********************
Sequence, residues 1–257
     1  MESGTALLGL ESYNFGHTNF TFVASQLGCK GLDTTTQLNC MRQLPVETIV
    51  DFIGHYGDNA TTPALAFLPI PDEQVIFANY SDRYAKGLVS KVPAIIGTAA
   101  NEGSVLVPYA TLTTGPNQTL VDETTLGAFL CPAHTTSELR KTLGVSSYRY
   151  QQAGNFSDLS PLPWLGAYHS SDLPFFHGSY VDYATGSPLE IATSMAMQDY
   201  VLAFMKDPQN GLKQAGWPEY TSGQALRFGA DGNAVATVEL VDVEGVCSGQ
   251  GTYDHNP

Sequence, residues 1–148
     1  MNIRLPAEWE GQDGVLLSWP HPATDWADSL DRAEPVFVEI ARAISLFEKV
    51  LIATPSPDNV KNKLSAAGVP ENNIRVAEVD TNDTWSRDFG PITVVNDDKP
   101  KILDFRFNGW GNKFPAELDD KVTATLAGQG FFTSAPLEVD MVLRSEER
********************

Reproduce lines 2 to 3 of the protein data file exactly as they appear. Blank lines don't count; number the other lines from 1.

     1  MESGTALLGL ESYNFGHTNF TFVASQLGCK GLDTTTQLNC MRQLPVETIV
    51  DFIGHYGDNA TTPALAFLPI PDEQVIFANY SDRYAKGLVS KVPAIIGTAA